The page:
February - There are no pressing tasks to be done this month, although you could dig over empty beds to get the soil ready for sowing and planting.
- Plant roses, so they flower this summer
- Collect up and compost fallen leaves, in case they harbour diseases
- Sprinkle your lawn with top dressing of loam-based compost for healthy growth
- Dig over vacant beds and add plenty of organic matter
- Move dormant shrubs and conifers
- Buy gladioli, cannas, begonias, dahlias and summer flowering bulbs
- Plant new hedges; prune hardy evergreen hedges and renovate overgrown deciduous hedges
- Divide bulbs such as snowdrops
- Prune winter-flowering shrubs that have finished flowering
- Protect hellebores and alpines from heavy rain with cloches or similar
- Prune climbers
Tip: Be prepared for snow!
Heavy downfalls can build up on shrubs, trees and hedges, which can break them. So keep a broom handy to brush the snow off. Move pots near to the house or a wall or fence. Small plants and bulbs covered in snow should be fine, as it insulates them from icy winds.
In the greenhouse
- Check greenhouse heaters are working efficiently and you aren’t wasting heat.
- Improve insulation in your greenhouse by lining it with bubble wrap and sealing the windows
- Pick off faded leaves and flowers before they start to rot to reduce the chance of harbouring disease
- Plant dahlia tubers, begonias, gloxinias and eucomis in pots and keep them in a warm position
- Water over wintering pots of fuchsias and pelargoniums if their compost is dry
- Plant chrysanthemum cuttings for colour in the summer
Tip: Forcing Rhubarb
Dig a portion of dormant rhubarb and plant it in a large bucket. Block out any light by covering it with black polythene and place it under the greenhouse bench. Remember to water it regularly and pink stems of tender rhubarb will develop much earlier than those in the garden. This will exhaust the plant, so it’s best to throw it away once it has finished cropping.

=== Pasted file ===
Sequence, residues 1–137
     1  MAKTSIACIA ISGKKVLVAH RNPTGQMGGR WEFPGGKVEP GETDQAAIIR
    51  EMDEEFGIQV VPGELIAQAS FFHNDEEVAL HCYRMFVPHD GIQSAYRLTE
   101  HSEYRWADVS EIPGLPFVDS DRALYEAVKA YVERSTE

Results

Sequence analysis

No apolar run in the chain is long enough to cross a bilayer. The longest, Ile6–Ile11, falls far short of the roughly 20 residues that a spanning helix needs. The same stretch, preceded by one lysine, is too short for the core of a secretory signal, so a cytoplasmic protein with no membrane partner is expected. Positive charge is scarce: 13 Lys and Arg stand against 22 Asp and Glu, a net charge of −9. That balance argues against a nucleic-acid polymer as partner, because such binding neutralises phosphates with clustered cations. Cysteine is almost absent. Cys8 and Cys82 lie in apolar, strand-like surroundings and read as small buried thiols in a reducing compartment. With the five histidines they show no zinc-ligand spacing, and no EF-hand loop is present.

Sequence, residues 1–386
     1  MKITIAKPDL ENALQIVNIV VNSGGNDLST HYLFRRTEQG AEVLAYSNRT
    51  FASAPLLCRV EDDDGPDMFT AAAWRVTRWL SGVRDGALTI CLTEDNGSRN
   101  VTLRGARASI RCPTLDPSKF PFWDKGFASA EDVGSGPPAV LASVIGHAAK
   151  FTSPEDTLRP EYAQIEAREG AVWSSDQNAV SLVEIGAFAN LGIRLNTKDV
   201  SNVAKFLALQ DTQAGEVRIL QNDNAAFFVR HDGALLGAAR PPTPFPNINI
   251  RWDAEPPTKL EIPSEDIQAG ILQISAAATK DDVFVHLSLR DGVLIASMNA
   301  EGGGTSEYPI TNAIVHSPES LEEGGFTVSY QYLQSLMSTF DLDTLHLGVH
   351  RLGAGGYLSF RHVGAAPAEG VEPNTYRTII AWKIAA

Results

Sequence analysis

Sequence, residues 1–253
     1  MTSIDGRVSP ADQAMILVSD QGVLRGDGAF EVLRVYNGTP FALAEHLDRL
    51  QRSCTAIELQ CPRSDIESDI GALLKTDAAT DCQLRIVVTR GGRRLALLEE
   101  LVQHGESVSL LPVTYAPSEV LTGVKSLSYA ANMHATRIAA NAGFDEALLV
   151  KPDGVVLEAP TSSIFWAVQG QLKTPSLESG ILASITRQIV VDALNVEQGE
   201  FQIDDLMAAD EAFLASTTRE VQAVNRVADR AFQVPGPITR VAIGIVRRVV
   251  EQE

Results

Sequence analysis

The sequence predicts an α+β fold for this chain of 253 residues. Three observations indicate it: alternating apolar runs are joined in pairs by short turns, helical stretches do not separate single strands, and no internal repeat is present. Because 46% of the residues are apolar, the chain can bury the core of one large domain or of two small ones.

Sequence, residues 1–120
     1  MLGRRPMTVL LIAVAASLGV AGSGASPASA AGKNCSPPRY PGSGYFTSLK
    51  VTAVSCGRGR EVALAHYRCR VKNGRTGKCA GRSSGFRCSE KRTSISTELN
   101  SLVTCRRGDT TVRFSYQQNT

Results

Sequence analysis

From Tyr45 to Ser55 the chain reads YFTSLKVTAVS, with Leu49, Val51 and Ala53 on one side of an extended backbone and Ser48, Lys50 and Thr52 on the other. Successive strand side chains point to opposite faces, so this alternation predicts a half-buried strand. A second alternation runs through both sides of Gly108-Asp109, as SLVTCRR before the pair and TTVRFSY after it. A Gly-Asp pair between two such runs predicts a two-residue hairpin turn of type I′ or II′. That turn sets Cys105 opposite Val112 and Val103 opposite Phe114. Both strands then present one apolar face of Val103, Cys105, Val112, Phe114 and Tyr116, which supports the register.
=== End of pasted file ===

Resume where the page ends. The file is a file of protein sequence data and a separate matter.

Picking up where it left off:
Fruit and Vegetables
- Finish digging over empty beds to get the soil ready for sowing and planting
- Sow onions and leeks in pots in a windowsill propagator or heated greenhouse
- Plant new fruit trees, bushes and cane fruits. You can carry on planting bare-root fruit trees until mid to late March
- Net fruit and vegetable crops to keep the birds off
- Divide large clumps of rhubarb and replant new sections
- Cover seakale and rhubarb with forcing pots to exclude light
- Prune side shoots on trained forms of gooseberry back to two or three buds
- Crops to sow outside under cloches now include hardy peas, broad beans, radishes, parsnips and spinach
- Chit potato tubers
Tip: Chop back blackcurrents
These delicious fruits are packed with vitamin C and are ideal in summer puddings. Keep bushes productive by pruning out about a quarter of the oldest woody stems every winter. This encourages new shoots to grow from the base. Aim to keep the bush upright by cutting back low-lying shoots. On established bushes, remove the very oldest stems, shorten new growth to about 3” from their based and prune side shoots back to just one bud.
Around the garden
- Clear up debris and leaves that could be harbouring slugs and snails
- Loosen tree ties on established trees so they can’t constrict growing stems
- Spread a generous mulch of compost, manure, or bark over borders, especially around the base of trees and shrubs
- Cut back deciduous grasses left uncut over the winter
- Check summer bulbs in storage for signs of rot
- Buy seeds, bulbs, potatoes and onion sets from your local garden centre
- Scatter organic fertilisers like bone meal around plants early in the year. These types of fertilisers decompose slowly under the action of micro-organisms, so they need to be scattered around plants early to enable nutrients to be released as plants start to grow.